The announcement of Swedish Design Year 2005 comes like a sign from above on the heels of the increased focus on design in recent years. It is no exaggeration to claim that design has increasingly become a concept that reaches into ever more aspects of our world. Design seems to turn up just about everywhere and to intrude into most things. At times one might imagine that it is capable of saving parts of the country that are suffering an economic crisis or ensuring the prosperity of the entire country. Perhaps this is true? In the field of further education design seems to be hot at any rate. New courses with the word design somewhere in the title start up and more and more young people want to work in the field. The subject is given increasing space in the media too; from buying things to making them oneself. Perhaps the much-discussed step from an industrial society to a service society has had a noticeable effect and has moved our focus from production of hardware to software. Design, at any rate, seems to have been increasingly in the limelight in recent years. Why is this?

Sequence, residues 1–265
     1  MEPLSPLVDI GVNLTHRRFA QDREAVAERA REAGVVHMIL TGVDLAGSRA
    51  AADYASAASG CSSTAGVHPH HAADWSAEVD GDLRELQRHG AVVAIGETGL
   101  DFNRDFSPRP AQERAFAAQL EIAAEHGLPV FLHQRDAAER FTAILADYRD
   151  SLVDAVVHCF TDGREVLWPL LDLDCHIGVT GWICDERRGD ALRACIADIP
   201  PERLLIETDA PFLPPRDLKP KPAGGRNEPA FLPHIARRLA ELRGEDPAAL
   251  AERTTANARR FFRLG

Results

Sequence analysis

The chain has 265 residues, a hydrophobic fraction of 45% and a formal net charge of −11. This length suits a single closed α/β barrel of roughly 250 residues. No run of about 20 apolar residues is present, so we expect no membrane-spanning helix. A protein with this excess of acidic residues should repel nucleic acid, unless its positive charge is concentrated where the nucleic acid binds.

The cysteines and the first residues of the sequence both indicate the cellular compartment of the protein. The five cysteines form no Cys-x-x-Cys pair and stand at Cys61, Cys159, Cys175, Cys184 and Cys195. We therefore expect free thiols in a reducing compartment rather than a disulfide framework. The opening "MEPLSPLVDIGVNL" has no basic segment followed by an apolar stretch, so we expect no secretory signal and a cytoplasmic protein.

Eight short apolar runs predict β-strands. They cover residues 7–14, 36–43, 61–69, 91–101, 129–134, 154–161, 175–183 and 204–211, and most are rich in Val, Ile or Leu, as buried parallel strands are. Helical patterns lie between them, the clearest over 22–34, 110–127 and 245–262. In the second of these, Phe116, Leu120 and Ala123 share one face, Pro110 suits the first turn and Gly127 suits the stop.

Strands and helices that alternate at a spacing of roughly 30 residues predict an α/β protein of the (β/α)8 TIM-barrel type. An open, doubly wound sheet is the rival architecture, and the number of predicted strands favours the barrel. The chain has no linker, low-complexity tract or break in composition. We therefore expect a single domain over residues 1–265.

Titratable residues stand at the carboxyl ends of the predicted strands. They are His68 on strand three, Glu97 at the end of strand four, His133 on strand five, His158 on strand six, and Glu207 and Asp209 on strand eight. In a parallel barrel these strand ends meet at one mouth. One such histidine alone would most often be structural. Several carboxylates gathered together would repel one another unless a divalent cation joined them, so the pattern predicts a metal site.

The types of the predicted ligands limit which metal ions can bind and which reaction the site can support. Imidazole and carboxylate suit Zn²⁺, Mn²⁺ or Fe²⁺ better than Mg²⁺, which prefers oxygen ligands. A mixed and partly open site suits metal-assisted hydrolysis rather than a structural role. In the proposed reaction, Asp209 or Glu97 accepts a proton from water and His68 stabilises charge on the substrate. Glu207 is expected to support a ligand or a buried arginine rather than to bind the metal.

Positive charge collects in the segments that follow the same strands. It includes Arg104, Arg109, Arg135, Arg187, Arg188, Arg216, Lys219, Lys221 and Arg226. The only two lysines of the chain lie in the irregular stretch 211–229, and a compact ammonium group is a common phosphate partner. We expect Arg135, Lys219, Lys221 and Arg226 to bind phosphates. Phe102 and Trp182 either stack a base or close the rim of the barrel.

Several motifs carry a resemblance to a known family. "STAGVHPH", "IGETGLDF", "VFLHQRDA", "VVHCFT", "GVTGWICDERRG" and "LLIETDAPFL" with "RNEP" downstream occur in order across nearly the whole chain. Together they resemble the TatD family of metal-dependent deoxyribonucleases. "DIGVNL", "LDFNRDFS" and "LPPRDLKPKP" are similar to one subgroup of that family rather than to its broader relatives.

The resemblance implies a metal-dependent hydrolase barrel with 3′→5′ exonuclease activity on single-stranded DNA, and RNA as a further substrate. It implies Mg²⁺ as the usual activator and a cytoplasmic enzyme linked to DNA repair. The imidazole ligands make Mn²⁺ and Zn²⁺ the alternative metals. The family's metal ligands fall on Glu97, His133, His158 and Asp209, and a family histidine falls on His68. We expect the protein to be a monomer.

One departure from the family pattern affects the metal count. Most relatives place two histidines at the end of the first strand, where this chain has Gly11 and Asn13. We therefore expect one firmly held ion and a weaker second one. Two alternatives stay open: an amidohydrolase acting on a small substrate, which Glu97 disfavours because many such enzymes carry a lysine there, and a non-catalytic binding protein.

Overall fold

In a collection of articles entitled Consumer Culture and Postmodernism published in 1991, the British sociologist Mike Featherstone writes of how different social groups have influenced society and how we relate to the products that surround us. To summarize, he maintains that people working, for example, in advertising, fashion, design and media have helped to establish and spread a post-modern approach and post-modern products. Mike Featherstone calls this group of people the new cultural intermediaries and, in his view, they are recognizable by their interest in lifestyle, identity, appearance and life experiences. He claims that, in order to win influence in the ruling bourgeois culture, they make use of irony, eclecticism and a playful approach to symbols and codes. Here in Sweden their most obvious equivalents are Linda Skugge and the "Killing gänget".* Today this scenario is well known and hardly news. So that we can be fairly sure that we are living in a post-modern context in which eclecticism, lifestyle, taste and an understanding of symbols and codes are important. In the opinion of Mike Featherstone, when more and more people are occupied in mediating this culture, interest in its content increases. One indication of this is the fact that increasing numbers of lists, guides and programmes tell us where and how we are to do things. In the long run this will encroach on our everyday lives and we shall find ourselves in what is sometimes termed an aestheticized society.